Perspective - (2022) Volume 10, Issue 3
Received: 15-Aug-2022, Manuscript No. ABFM-22-77761; Editor assigned: 17-Aug-2022, Pre QC No. ABFM-22-77761 (PQ); Reviewed: 31-Aug-2022, QC No. ABFM-22-77761; Revised: 07-Sep-2022, Manuscript No. ABFM-22-77761 (R); Published: 14-Sep-2022, DOI: 10.51268/2736-1845.22.10.079
The term E-business refers to the process of using the Internet and related technologies to transform every business process and enable every part of the organization's value chain, from acquiring, serving, and retaining customers to interacting with employees, partners, and the general public. All definitions that are currently available attempt to differentiate "E-business" from "E-commerce. It is acceptable to say that "E-commerce" is a crucial, although minor, component of the broader E-business architecture. A fundamental set of needs must be met by effective e-business architecture. These needs are covered in the following sections. While traditional channels have been replaced by the Internet as the primary point of contact with customers over the past ten years, businesses are increasingly realising that customers are using a variety of channels to meet their demands. The Internet, portable gadgets like Palm Pilots, mobile communication devices like cell phones, and cable set-top boxes fall within this category. Sales, marketing, order entry, delivery, customer service, buying of raw materials and supplies for production, and buying of indirect operating-expense items, such as office supplies.
Fundamental business sectors
Businesses that are handled online fall into two fundamental groups. Business-to-Consumer (B2C) is the first section, which comprises well-known, Wall Street-friendly companies like Amazon, E*Trade, etc. The second is the Business-to-Business (B2B) sector, which is eclipsing the B2C sector and includes companies like Chemtex and Auto Exchange. These two categories have quite different business structures, but they have one thing in common they all use internet technologies to run their operations. In order for businesses to successfully adopt any kind of business model they want, this article provides an integrated architecture for these Internet technologies.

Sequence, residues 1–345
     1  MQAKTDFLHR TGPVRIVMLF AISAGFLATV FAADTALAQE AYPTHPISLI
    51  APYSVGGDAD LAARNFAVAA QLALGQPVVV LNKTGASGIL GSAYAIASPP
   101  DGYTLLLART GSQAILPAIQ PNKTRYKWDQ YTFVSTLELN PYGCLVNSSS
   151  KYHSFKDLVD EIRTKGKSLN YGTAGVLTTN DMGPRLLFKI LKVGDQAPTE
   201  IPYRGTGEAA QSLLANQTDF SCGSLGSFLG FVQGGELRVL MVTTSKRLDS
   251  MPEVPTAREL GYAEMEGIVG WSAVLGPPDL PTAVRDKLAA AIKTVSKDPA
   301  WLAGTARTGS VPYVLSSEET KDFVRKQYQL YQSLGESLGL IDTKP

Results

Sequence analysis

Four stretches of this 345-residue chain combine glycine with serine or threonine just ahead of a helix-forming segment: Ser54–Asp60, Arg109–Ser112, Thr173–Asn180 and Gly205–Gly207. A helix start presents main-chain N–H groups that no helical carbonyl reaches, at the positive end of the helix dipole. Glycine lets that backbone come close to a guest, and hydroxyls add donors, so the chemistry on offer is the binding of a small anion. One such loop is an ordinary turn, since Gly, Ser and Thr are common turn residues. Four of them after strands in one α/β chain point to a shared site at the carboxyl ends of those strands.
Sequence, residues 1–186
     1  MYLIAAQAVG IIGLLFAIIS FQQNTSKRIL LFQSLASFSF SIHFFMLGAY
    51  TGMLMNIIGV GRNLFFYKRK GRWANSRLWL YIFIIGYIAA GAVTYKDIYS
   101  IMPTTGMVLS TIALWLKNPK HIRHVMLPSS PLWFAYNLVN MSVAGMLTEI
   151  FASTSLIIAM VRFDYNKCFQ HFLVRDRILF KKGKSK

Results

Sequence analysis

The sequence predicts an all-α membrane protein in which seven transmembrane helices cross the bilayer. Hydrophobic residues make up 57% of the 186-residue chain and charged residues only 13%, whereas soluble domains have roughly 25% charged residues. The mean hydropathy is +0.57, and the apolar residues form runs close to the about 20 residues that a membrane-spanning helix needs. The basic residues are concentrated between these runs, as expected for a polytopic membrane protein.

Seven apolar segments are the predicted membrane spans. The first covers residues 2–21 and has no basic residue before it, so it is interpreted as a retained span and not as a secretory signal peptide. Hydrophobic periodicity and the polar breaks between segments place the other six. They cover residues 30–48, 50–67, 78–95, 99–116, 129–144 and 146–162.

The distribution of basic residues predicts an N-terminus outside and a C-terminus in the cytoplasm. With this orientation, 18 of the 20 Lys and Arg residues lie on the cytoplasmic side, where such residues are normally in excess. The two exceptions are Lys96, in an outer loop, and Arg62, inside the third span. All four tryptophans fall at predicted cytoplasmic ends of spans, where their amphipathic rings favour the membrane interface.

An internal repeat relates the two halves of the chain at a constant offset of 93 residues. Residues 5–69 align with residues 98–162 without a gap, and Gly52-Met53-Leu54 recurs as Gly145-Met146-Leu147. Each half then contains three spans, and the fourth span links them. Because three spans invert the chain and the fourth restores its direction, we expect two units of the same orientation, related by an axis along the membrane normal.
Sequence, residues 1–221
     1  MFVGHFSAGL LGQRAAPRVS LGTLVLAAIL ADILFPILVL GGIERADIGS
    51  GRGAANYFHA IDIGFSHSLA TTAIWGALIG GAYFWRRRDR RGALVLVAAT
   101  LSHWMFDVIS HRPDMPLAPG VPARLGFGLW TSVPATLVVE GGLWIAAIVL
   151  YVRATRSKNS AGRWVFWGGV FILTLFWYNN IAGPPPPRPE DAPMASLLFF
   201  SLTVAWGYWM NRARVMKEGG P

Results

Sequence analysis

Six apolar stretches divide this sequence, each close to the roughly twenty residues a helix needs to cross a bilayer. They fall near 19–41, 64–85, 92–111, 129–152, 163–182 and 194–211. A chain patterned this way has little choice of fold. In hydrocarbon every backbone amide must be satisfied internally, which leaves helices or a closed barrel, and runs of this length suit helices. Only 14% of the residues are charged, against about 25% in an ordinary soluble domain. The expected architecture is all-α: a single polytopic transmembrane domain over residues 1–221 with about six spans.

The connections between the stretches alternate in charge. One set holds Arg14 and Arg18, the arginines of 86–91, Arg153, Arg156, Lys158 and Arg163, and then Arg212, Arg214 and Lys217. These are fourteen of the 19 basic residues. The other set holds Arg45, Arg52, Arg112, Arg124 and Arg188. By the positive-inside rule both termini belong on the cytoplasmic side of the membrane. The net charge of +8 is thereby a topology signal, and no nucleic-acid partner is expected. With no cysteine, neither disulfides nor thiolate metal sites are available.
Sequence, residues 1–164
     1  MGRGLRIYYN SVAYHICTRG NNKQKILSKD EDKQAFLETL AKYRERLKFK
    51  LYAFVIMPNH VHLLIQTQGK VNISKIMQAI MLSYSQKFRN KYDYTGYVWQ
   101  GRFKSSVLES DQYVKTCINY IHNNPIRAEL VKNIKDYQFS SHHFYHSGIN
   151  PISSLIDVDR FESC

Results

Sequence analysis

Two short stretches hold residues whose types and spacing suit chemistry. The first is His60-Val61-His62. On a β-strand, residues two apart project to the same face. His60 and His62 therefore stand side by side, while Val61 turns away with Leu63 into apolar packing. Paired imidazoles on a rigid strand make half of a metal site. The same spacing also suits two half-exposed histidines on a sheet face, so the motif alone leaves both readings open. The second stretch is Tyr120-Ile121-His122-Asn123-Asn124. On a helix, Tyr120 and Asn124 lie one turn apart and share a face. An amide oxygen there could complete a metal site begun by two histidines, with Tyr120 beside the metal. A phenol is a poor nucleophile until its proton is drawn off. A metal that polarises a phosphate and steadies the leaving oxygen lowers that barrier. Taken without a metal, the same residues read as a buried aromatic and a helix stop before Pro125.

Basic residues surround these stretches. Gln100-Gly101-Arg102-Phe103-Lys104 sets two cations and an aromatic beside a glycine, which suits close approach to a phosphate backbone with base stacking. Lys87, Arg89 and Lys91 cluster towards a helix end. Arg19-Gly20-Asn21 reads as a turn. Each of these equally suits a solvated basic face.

Types of integration system
also includes outward-facing processes that involve customers, suppliers, and external partners. It involves innovative business models and the possibility of generating additional money or losing some current revenue to rivals. Because there are only three different types of integration involved, it is both ambitious and relatively simple to implement vertical integration of front-end Web site applications to existing transaction systems; cross-business integration of a company with Web sites of customers, suppliers, or intermediaries like Web-based marketplaces; and integration of technology with lightly redesigned order handling, purchasing, or customer service processes. E-business includes internal operations including production, inventory management, product development, risk management, finance, knowledge management, and human resources in addition to e-commerce. E-business strategy is more sophisticated, more internally focused, and geared toward cost savings as well as gains in productivity, efficiency, and cost savings.
Every effective website has two main components the frontend, which deals directly with clients, and the backend, which automates the company's online operations without involving the customers directly. The actions that demand integrated systems are order placement via systems, product customization, tracking, and order fulfilment. The word "electronic business" is more general and includes expressions like "e-commerce" and "e-tailing." Electronic business procedures like customer relationship management, enterprise resource planning, and content management are becoming more crucial as more businesses perform their internal sales, marketing, and other business activities digitally. The increased security of internet transactions has also contributed to this transition.